Fires due to a bad Sony lithium ion batteries that overheated while charging.
As I emphasised at the beginning by quoting that bit written by Dan Knight, that problem happened internally during production and therefore did not impact users directly.
In conclusion, I’ve written about my personal experience with a PowerBook 5300 over 12 years of use and recalling the direct experience I had with these laptops as a freelancer doing Mac tech support in the 1990s, when these machines were new. I’m sure there are other experienced Mac users and technicians out there who will have different stories to tell; but from my perspective, I really can’t count the PowerBook 5300 among Apple’s lemons.
9 thoughts on “In defence of the PowerBook 5300”
I think one of the biggest flaws in that era was not the hardware itself, but the horrible warranty shipping containers Apple used. Sending a PowerBook G4 in for repairs, you could accomplish exactly the same thing by putting it in a burlap sack and beating it with a hammer for a while. (Of course, unlike sending it in, this would not fix the original issue.)
So I’m assuming a lot of the problems systematic to the 5300 were actually caused by rough treatment in the post for warranty repairs.
To anyone that’s not sure what I’m talking about: In this era, Apple would mail you PowerBook warranty return packaging. The idea was you’d put your PowerBook in it, put it in the mail, and a few weeks later get your repaired PowerBook back.
The packaging I’m talking about was a normal, medium-weight cardboard box. In it were two pieces of cardboard designed to fit together like this: ][. Most of the facing surfaces was a stretchy sort of plastic. We used to have a lot of PowerBooks; I remembered being mildly surprised at the new packaging. I think I used it twice. Both times, instead of getting the PowerBook back we’d get… something else. Along with a letter from Apple repair explaining that we’d tried to fix an obviously physically abused PowerBook, and physical abuse wasn’t covered by warranty.
I remember my PowerBook 540 got two corners blunted and BOTH hinges shattered. I never even tried it to see if it would still work. Luckily, we called Apple and begged them, and they eventually agreed with us and fixed it.
This was right around the time of the PowerBook 5300, so it wouldn’t surprise me if a lot of them went through the same abuse.
I briefly had a 5300cs in about 2002, an upgrade from my old 190. To be honest I never had any problems with the 5300cs, whereas the 190 by contrast was plagued with issues including a power jack that broke about four times, as I recall…
The 1400 is better than them both in my opinion. I have one at the moment (upgraded to the max including a G3 card) and it’s a great laptop. Must see about rebuilding the battery one of these days!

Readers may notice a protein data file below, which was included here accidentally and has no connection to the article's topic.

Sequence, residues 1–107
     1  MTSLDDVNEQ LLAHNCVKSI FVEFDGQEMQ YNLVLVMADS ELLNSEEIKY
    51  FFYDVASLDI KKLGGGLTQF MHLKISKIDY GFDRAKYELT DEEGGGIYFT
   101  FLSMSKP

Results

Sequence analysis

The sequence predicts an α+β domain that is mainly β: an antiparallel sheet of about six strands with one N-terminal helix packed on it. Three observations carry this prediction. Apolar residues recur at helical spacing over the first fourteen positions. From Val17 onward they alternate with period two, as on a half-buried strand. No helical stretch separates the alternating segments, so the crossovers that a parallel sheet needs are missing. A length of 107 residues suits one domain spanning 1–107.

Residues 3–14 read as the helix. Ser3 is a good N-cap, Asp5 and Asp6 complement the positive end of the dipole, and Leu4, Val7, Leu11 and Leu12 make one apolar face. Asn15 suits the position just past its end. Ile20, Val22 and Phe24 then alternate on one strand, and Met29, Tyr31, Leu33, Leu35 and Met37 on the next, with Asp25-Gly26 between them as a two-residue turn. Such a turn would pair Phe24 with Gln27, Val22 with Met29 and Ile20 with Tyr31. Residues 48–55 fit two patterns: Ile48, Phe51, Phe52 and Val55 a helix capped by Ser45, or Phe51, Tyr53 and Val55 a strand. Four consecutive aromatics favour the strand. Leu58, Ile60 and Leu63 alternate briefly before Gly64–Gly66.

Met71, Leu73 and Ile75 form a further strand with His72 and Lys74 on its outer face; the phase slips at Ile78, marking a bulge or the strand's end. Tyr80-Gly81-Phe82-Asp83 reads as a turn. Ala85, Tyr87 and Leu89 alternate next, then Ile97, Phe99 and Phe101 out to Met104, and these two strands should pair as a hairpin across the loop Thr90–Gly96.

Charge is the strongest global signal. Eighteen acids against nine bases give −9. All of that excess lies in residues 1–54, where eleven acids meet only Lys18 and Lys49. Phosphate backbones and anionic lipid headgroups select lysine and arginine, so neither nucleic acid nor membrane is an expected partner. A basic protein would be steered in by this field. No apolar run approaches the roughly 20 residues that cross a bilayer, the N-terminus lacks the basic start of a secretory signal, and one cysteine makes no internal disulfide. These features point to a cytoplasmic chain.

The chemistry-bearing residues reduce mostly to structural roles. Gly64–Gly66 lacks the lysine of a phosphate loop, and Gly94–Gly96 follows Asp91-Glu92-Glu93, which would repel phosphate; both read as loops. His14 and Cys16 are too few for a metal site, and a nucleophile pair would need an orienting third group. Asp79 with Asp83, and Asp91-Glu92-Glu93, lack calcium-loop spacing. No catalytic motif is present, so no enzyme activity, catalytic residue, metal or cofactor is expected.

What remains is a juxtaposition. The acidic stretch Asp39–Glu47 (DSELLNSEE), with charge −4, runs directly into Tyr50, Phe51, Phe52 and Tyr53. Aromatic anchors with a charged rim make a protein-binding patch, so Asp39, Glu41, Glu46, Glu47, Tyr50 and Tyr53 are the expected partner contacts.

I used a Powerbook 5300 for a while on an internship year in DC several years ago. And while it was my writing/content creation machine, I found that it crashed and froze up often, to the point where I ended up getting a good price on a Pismo and never looked back.
It was a similar deal to what iBook G3/G4s would experience with a bad graphic chips or something. Sometimes, the 5300 would work fine if I put pressure on a certain area of the laptop. As soon as I released pressure, the thing would freeze. Very, very frustrating really.
I wanted to love the machine, but it was the most troublesome Mac I ever owned.
Considering that you’re editing a PICT file in your story and the quality and resolution of the picture above, can I assume you took that picture with a QuickTake?!
Sorry to disappoint, but the picture was actually taken with an iPhone. QuickTake cameras are still on my vintage wishlist!
Oh, oh well. I played around with one when my middle school computer lab got one in the mid-90s. I loved how it just turned into a SCSI drive from which you could copy the pictures when you plugged it into the computer.
I remember trying one at a trade fair eons ago and I was really fascinated because it was the first digital camera I had ever tried out. Sadly I couldn’t afford it at the time. Then I forgot about it, but when the vintage Mac bug bit me, I started looking for it again. Too bad that nowadays it’s either getting a broken one for a penny, or being asked ridiculous prices for a fully functional one. (“It’s vintage! It’s valuable!” is the song I keep hearing… Sigh.)